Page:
Apple to bring Force Touch technology to next-gen iPhones, source says

“Apple Inc. plans to add sensors to detect how hard a user is pressing on a screen to its next iPhones, incorporating a technology used in its forthcoming MacBook and Apple Watch, according to people familiar with the matter,” Lorraine Luk reports for The Wall Street Journal. “Apple’s Force Touch technology can distinguish between a light tap and deep press, allowing users to control a device differently depending on how hard they push on a surface.”

“The touch technology is one of the changes that Apple plans for the next versions of its iPhones due for release later this year, these people sai,” Luk reports. “Apple isn’t changing the size of the displays in the 4.7-inch and 5.5-inch iPhones and plans to keep the resolution similar, but it may add another color for the aluminum casing of the iPhone, these people said. Currently, Apple offers the iPhone in three colors: silver, gold and space gray. It is testing a new pink option to the lineup, these people said.”

Read more in the full article here.

MacDailyNews Take: As we said back in February when AppleInsider reported this, “And, Android, littered across a veritable junkyard full of disparate devices, will not be able to follow.”

Related articles:
Apple patent application reveals work on Force Touch for iOS devices and more – March 5, 2015
Apple’s next-gen iPhone 6s, iPhone 6s Plus to feature Force Touch – February 28, 2015


    1. Thinking the same thing too. I expect the 15 inch to be upgraded around WWDC and maybe with different tech.
      Shame that is not out now because we need to upgrade one of our laptop.

      1. My guess is, is that maybe the Broadwell processors designed to go into the 15″ rMBP were not ready in time. WWDC would seem like a good time to upgrade that machine.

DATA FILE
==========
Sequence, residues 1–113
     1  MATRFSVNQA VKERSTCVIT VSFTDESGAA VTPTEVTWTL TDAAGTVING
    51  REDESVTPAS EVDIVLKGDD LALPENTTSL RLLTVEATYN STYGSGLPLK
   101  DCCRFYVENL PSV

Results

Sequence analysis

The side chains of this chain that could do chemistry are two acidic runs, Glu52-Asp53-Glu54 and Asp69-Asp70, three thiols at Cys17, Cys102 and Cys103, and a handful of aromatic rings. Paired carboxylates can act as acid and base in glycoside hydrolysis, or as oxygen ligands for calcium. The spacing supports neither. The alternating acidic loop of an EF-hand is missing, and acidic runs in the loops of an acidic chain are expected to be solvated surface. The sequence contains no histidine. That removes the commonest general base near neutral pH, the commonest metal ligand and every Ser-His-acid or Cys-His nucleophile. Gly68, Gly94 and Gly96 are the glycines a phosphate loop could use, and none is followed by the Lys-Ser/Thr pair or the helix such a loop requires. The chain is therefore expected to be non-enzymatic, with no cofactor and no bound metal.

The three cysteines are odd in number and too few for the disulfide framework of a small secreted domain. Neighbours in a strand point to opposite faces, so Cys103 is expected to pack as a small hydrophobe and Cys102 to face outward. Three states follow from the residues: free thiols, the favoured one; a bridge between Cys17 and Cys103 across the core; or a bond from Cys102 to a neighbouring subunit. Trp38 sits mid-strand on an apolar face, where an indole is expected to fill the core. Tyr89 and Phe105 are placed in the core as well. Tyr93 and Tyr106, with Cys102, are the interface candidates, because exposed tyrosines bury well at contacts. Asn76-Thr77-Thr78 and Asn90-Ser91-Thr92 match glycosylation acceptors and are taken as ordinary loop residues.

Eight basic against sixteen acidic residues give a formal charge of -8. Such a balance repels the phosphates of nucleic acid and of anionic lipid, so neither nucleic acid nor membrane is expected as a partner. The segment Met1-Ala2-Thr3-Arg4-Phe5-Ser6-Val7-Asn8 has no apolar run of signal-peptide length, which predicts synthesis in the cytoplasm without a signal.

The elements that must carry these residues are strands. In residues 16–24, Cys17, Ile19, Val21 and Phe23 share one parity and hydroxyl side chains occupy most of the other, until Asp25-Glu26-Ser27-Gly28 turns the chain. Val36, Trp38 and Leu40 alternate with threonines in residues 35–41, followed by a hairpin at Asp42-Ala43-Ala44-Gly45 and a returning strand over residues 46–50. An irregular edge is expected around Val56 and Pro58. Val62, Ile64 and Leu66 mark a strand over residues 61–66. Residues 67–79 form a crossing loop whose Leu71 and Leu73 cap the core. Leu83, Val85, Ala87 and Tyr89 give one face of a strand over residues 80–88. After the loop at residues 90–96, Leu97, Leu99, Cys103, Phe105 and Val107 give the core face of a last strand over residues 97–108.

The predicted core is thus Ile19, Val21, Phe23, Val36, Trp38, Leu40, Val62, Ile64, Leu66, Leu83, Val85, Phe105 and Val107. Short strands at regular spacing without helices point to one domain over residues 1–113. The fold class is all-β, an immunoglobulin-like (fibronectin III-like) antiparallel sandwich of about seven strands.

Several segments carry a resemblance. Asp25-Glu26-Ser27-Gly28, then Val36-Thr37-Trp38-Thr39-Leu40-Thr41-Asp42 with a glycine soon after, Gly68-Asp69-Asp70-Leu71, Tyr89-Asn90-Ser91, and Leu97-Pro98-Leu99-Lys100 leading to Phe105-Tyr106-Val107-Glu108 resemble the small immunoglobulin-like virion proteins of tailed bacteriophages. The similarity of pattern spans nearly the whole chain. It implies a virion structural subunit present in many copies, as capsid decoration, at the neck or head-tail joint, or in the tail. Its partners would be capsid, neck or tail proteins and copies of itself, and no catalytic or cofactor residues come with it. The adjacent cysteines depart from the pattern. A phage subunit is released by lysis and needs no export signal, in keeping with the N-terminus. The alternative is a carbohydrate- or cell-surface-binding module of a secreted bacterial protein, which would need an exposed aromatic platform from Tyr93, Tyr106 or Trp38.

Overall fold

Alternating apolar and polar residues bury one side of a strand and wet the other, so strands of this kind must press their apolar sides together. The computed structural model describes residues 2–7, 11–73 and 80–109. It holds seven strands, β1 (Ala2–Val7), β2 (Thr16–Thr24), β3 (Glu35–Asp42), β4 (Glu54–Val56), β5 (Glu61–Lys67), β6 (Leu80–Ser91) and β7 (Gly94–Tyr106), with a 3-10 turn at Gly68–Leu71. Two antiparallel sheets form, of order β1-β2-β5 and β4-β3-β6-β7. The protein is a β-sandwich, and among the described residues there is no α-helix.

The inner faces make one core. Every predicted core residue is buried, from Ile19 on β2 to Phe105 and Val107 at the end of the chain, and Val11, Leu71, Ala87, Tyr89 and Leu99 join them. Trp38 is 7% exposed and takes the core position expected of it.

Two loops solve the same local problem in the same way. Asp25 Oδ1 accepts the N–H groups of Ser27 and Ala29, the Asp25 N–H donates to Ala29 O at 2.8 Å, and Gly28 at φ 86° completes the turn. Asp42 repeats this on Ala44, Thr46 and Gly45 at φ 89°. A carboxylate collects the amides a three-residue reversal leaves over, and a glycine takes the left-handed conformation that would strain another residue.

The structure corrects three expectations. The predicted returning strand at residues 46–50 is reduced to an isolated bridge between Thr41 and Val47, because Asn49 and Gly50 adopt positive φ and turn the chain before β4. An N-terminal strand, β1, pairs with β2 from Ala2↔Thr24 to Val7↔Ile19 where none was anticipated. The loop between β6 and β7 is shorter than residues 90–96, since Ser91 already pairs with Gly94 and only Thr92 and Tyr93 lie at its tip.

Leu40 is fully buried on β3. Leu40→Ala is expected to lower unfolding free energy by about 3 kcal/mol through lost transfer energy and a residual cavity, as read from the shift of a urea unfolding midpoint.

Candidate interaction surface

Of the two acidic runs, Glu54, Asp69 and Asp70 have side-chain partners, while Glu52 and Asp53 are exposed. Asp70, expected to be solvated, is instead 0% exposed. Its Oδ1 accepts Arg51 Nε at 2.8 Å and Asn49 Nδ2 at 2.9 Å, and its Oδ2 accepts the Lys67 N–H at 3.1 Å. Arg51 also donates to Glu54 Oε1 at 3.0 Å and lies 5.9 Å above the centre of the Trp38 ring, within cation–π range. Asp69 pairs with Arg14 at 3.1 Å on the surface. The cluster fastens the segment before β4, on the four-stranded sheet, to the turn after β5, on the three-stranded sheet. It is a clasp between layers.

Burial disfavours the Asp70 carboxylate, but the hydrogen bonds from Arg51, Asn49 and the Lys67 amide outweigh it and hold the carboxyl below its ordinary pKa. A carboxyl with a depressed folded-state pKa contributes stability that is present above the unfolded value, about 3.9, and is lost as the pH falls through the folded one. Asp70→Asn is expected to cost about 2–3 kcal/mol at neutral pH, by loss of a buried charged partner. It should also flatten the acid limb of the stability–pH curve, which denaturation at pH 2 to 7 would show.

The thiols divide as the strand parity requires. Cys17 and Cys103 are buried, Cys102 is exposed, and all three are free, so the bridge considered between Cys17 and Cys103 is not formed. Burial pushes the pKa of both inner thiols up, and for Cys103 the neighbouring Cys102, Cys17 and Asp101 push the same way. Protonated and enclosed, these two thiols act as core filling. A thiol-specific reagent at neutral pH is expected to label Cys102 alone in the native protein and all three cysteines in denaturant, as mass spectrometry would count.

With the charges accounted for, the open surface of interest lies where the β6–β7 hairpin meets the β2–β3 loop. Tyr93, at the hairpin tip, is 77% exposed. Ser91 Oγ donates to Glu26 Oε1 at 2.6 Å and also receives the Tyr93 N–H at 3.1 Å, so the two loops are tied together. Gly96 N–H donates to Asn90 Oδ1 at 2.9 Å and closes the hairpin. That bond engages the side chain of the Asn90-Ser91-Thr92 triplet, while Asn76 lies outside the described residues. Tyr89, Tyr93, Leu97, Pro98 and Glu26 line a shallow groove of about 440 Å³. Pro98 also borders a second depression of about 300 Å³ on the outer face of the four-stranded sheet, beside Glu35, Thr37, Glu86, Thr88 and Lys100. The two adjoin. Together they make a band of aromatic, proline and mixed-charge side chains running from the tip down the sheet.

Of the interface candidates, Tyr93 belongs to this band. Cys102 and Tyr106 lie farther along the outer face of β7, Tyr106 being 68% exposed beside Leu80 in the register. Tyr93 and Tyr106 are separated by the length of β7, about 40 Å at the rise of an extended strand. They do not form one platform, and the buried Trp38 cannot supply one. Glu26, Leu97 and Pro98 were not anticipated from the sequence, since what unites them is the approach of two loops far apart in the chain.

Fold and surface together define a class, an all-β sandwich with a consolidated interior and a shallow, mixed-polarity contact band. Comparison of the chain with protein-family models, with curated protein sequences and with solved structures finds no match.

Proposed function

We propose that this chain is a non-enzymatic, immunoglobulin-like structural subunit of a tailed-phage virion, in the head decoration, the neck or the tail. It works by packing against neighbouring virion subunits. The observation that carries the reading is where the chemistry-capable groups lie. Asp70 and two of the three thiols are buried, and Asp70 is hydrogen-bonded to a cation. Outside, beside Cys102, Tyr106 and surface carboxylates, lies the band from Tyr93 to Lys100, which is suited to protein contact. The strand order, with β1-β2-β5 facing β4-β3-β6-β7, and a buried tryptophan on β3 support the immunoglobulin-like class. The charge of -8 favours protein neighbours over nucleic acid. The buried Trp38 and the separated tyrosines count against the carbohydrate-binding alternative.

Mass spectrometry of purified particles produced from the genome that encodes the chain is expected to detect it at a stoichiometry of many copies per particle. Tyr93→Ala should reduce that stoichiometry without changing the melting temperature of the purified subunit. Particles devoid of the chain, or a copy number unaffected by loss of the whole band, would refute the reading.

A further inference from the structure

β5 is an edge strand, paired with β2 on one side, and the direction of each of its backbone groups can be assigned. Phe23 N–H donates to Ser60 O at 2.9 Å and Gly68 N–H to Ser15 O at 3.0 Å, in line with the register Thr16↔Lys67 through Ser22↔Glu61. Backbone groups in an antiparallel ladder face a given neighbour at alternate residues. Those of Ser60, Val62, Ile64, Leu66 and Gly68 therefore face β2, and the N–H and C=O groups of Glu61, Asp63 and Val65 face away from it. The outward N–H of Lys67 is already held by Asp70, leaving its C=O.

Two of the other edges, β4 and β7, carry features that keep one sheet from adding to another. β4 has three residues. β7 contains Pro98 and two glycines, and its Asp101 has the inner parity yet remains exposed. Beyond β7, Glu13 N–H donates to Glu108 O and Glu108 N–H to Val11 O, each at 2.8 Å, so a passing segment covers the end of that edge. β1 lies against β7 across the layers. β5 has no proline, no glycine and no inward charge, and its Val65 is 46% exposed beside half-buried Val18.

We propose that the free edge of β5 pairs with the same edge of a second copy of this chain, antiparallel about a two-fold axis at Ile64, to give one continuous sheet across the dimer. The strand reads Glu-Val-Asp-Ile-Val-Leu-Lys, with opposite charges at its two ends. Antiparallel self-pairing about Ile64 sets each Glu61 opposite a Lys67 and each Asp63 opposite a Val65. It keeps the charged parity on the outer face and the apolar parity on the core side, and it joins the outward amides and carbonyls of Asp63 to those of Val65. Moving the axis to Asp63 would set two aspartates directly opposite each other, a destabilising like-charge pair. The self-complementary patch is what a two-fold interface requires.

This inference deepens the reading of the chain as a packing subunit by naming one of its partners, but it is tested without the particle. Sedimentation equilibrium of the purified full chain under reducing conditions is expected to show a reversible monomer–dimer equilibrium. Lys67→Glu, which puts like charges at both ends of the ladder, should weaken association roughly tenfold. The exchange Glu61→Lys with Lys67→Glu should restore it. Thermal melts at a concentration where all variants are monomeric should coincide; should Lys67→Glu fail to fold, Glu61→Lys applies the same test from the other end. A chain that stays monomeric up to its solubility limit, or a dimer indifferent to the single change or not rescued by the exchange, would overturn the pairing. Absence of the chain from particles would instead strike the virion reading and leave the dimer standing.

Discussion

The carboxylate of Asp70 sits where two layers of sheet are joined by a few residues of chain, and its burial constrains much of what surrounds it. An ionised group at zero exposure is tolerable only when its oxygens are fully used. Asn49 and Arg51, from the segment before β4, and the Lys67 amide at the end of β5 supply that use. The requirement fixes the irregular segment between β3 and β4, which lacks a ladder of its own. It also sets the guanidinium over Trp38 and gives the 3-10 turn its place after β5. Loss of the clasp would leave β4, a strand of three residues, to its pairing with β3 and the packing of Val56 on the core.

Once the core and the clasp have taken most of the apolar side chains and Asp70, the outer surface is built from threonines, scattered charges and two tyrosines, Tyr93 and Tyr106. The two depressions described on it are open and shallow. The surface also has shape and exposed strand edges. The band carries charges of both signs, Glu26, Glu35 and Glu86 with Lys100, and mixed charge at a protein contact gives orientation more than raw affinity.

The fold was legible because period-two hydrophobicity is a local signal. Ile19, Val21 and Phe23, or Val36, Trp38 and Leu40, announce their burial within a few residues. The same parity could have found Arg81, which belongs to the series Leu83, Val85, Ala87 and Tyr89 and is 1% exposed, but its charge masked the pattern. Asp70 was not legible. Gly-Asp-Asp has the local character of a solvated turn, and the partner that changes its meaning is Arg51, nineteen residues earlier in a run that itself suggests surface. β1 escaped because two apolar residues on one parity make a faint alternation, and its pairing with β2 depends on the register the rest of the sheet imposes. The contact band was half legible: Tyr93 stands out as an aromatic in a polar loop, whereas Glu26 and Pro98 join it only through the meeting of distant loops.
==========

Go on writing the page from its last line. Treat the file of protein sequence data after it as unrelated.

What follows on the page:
1. I mentioned it last year that the next big thing for iOS devices would be pressure sensitivity.

    Music keys that respond to pressure, pens that vary widths etc.

    looks like it might happen.

  2. To me, an equally important part of the Force Touch trackpad is the haptic feedback when “pressing” the trackpad. Hopefully, the feedback is subtly different based on pressure. And we need the Magic Trackpad version.

    Adding the same sensation (more than just a slight “buzz”) would work great on an iPhone. It would feel like I’m pressing actual buttons when using the virtual keyboard and other interface elements on the screen. Since the mechanism takes up some internal volume, maybe only the “plus” model gets it. A good differentiator to push more customers to the higher-margin iPhone.

  3. Yeah except iPad always gets last year’s tech. iPad won’t see Force Touch until a year after iPhone, unless Apple decides maybe it’s a good idea to make iPad the latest too. Touch ID was the reason I didn’t buy the iPad Air. Nobody wanted tech that’s outdated the day it’s released.

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